In most yoga studios there is a shelf or two stacked with all kinds of wonderful little tools.
There is the standard collection of blankets, straps, bolsters, and blocks, and occasionally, there are ropes, dowels, chairs, sandbags, balls and pool noodles. Before my classes start, the question I hear most often is, “What props do we need?”
I remember teaching a class a few months ago where we were using chairs, wood bricks, straps, and blankets in triangle pose.
One student was visibly unimpressed with this sizable array of props. She would start using the props, but as the class progressed she started ignoring instructions more and more, and she began just practicing the pose the way she normally did. Not being one to make a scene, I quietly asked her why she didn’t want to use the props.
I am not about to stop a class and interrupt a group of people happily practicing in order to make a point.
I’ve seen teachers do this before, and it always feels a little awkward because it feels like the teacher transforms into this severe yoga nun chastising us for our yoga sins.
But, after class, I made a point of tracking this student down to explain why we were using all the props.
The use of props in yoga goes pretty far back.
In medieval India, yogis would suspend themselves from trees by using ropes to hang upside down.
Many of the props we use in contemporary yoga were development by BKS Iyengar. He was fairly unhealthy and inflexible when he started practicing yoga asanas, and so he could not easily pop himself in and out of the postures like his fellow student Pattabhi Jois.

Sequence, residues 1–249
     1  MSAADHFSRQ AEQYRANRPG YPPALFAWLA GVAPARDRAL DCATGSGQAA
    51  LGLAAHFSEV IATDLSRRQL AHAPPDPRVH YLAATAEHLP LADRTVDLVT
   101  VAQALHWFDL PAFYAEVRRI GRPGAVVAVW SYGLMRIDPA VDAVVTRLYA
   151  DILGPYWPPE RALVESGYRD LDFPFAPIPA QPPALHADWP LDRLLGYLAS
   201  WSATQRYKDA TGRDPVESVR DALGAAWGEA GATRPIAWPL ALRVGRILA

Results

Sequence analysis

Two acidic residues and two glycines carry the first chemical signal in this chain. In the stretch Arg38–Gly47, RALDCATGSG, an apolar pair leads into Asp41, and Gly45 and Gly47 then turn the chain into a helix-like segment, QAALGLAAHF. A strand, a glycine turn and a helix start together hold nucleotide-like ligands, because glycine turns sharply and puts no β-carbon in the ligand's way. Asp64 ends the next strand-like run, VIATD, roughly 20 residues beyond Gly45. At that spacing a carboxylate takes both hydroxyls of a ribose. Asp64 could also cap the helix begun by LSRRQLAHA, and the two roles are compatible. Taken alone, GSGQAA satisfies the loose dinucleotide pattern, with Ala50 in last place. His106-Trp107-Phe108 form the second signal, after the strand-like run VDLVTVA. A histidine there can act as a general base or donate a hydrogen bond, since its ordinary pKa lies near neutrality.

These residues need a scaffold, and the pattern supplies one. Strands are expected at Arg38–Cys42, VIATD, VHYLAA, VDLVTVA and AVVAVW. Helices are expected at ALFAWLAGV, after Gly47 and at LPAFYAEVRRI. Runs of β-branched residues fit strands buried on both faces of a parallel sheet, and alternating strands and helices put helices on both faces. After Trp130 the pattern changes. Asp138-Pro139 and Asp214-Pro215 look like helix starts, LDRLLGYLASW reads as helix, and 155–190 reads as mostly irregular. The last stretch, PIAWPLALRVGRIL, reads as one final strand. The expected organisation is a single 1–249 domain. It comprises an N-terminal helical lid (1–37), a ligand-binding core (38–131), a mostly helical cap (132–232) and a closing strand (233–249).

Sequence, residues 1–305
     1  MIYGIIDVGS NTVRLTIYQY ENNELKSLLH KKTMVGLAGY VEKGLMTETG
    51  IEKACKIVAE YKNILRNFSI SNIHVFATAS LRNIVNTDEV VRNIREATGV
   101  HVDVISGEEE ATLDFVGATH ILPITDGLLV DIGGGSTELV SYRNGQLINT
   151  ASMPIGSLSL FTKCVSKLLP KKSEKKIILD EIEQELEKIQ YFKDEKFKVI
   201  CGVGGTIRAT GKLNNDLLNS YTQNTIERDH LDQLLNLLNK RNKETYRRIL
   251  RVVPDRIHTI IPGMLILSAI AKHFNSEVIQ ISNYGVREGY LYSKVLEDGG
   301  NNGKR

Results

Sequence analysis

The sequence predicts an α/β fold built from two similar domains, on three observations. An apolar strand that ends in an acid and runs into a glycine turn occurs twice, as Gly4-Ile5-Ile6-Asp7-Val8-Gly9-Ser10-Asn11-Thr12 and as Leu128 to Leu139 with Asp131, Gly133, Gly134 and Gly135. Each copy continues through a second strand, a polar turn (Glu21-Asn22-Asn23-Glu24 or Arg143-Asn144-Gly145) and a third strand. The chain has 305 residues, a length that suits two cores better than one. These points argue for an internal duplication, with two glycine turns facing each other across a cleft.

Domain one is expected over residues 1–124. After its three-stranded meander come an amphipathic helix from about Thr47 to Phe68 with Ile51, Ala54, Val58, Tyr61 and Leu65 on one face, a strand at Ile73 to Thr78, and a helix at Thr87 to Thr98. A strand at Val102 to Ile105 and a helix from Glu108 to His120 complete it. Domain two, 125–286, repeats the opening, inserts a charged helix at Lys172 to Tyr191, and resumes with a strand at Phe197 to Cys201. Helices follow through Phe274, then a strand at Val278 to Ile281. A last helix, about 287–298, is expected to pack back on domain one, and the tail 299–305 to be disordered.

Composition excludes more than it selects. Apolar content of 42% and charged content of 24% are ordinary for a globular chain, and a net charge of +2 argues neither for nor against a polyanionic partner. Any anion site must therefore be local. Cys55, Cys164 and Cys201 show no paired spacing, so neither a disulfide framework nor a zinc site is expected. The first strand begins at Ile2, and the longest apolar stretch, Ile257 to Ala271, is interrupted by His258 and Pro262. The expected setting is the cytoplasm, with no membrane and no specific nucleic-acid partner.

Instead, Iyengar developed props that enabled him to work on postures that were otherwise inaccessible to him. Later, he developed even more props that enabled his students to work on postures that would have been impossible for them otherwise.
This brings us to the reasons why we should use yoga props.
1.) Props Build Confidence
Yoga props enable us to do things.
Holding a headstand for twenty minutes requires a tremendous amount of strength and balance, but ropes and rings on the wall will help make that possible. Doing a backbend with the fulcrum at a precise point in your back requires a tremendous amount of awareness and mobility, yet back-bending over a chair helps to makes that possible.
When you do something that you have not done before, props opens up new worlds of possibility.
Yoga props are like bicycles that way.
When I was a kid my neighborhood seemed so huge. Traveling from my house to the water tower took a long time, so traveling from the water tower to the mall seemed impossible.
Until I got a bike.
What had been impossible soon became normal as the bike began to open up a new understanding of my neighborhood. Soon I started thinking about where else I could go, and I started to feel a sense of ownership and mastery of my “hood.” Next thing I knew I was out riding on the highway.
In yoga, our “hood” is our body, and props give us access to areas of our body that we would not normally visit.
2.) Props Help Us Expand Our Awareness
Which brings us to reason number two.
The increased confidence that arises from increased access is a side effect of expanded awareness.
The use of props creates subtle changes in the postures, which allows you the space to explore the posture further—exploration is the result of a curious mind seeking greater understanding.
For example, cultures and countries outside of our own are simply not in our awareness until we begin to learn about them. We can learn about other cultures through Google, books, or travel—but until we start that process we remain in the dark.
Exploring the postures through the use of props is like using different tools to more fully know our own bodies and the spaces that surround our bodies.
Props can make postures easier, but that is not the only reason we use them.
Holding a prop in your hand increases your awareness of your hand. Securing a strap to your thighs increases awareness of your thighs. By changing the postures using props, we can cultivate a more thorough and integrated understanding of the postures and of our bodies.
Simply put, we can expand our minds.
3.) Props Allow For Safer Travels